This post is part of a series on the past, present, and future of commuting in America.
Back in the 1920s, most American city-dwellers took public transportation to work every day.
There were 17,000 miles of streetcar lines across the country, running through virtually every major American city. That included cities we don't think of as hubs for mass transit today: Atlanta, Raleigh, and Los Angeles.
Nowadays, by contrast, just 5 percent or so of workers commute via public transit, and they're disproportionately clustered in a handful of dense cities like New York, Boston, and Chicago. Just a handful of cities still have extensive streetcar systems — and several others are now spending millions trying to build new, smaller ones.
So whatever happened to all those streetcars?
"There's this widespread conspiracy theory that the streetcars were bought up by a company National City Lines, which was effectively controlled by GM, so that they could be torn up and converted into bus lines," says Peter Norton, a historian at the University of Virginia and author of Fighting Traffic: The Dawn of the Motor Age in the American City.
But that's not actually the full story, he says. "By the time National City Lines was buying up these streetcar companies, they were already in bankruptcy."
Surprisingly, though, streetcars didn't solely go bankrupt because people chose cars over rail. The real reasons for the streetcar's demise are much less nefarious than a GM-driven conspiracy — they include gridlock and city rules that kept fares artificially low — but they're fascinating in their own right, and if you're a transit fan, they're even more frustrating.
The golden age of the streetcar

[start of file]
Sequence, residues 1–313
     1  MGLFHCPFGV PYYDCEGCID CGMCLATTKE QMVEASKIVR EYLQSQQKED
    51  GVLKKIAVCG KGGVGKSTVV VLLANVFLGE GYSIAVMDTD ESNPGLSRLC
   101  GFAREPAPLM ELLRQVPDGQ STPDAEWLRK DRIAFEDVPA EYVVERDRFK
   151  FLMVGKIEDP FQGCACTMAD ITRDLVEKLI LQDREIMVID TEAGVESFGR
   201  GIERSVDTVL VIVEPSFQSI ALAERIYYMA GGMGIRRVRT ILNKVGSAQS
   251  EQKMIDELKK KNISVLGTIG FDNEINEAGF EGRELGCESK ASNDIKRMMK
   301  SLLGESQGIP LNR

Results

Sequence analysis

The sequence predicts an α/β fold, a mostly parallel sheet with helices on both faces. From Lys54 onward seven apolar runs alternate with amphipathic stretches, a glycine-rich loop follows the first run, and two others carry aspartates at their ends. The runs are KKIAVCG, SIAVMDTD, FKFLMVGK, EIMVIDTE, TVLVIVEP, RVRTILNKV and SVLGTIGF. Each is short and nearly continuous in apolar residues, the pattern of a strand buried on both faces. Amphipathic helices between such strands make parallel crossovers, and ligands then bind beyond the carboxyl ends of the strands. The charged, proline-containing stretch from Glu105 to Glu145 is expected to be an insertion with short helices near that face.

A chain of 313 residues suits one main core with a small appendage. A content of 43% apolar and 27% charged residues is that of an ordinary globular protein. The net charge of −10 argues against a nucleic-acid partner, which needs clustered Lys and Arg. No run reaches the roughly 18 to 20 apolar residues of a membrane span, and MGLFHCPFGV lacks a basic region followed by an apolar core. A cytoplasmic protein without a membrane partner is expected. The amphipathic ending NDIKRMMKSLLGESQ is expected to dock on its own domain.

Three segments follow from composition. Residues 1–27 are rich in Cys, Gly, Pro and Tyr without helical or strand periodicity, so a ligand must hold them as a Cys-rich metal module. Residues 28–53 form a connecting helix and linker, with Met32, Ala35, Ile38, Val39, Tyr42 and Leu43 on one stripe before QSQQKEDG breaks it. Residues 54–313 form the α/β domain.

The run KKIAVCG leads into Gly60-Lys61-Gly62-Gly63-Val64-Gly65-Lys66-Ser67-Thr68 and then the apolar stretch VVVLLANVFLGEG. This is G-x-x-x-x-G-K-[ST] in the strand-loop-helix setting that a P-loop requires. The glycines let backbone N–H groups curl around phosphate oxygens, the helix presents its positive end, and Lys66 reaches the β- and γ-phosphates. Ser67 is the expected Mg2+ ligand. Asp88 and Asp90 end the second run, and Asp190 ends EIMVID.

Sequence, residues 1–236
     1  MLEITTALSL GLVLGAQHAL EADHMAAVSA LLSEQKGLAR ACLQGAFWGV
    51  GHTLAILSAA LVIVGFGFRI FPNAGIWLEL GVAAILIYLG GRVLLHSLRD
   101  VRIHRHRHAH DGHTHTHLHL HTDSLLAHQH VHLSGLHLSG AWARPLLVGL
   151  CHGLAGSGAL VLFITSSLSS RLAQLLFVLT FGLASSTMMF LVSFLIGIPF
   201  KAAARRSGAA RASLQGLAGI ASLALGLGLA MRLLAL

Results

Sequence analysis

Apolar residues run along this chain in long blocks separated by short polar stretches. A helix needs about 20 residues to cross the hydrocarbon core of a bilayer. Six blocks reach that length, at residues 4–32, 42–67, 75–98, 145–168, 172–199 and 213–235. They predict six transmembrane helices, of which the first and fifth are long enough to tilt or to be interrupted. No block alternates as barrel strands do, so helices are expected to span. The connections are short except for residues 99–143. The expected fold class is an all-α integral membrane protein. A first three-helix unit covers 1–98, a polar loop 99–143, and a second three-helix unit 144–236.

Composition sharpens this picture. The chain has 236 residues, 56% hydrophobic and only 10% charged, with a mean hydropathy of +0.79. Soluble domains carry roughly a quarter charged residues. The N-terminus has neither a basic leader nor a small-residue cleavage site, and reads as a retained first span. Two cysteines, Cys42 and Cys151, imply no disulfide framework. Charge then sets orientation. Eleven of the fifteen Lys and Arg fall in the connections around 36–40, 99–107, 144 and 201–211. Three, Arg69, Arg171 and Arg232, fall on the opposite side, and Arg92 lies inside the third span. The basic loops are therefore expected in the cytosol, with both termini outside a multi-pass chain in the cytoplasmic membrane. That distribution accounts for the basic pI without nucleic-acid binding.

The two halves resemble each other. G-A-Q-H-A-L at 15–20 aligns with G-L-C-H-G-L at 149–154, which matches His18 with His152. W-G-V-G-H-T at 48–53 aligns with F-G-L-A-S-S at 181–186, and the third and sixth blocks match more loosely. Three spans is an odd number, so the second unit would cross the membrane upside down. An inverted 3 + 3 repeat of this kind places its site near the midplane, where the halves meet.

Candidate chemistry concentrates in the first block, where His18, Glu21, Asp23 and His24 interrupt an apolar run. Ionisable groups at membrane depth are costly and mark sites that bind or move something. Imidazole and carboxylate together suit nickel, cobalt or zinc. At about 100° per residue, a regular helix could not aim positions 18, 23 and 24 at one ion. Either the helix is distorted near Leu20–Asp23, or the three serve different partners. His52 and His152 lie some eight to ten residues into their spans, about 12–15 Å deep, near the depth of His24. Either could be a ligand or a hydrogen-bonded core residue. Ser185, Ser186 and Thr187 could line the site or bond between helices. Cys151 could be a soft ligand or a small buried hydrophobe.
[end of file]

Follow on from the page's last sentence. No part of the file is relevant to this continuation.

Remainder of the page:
During the 1800s, animal-drawn streetcar lines were built in cities across the United States. Starting in the 1880s, they were replaced by electrified streetcars, which quickly became the dominant mode of transportation in many cities.
Running streetcars was a very profitable business. Cities expanded, and people who found themselves living too far from work to walk depended on them. (Some real-estate developers built nearby suburbs around streetcar lines.) Over time, the businessmen who ran the streetcars, called "traction magnates," consolidated ownership of multiple lines, establishing powerful, oftentimes corrupt monopolies in many cities.
Eventually, many of them contracted with city governments for the explicit right to operate as a monopoly in that city. In exchange, they agreed to all sorts of conditions. "Eager to receive guarantees on their large up-front investments, streetcar operators agreed to contract provisions that held fares constant at five cents and mandated that rail line owners maintain the pavement around their tracks," writes Stephen Smith at Market Urbanism.
Until the start of World War I, these conditions weren't a huge problem. But soon afterward, they became excessively onerous — because even though these companies were making sacrifices to act as monopolies, they were no longer operating as them.
What really killed the streetcar: gridlock and artificially low fares
The decline of the streetcar after World War I — when cars began to arrive on city streets — is often cast as a simple choice made by consumers. As a Smithsonian exhibition puts it, "Americans chose another alternative — the automobile. The car became the commuter option of choice for those who could afford it, and more people could do so."
But the reality is more complicated. "People weren't choosing to ride or not ride in some perfect universe — they were making it in a messy, real-world environment," Norton says.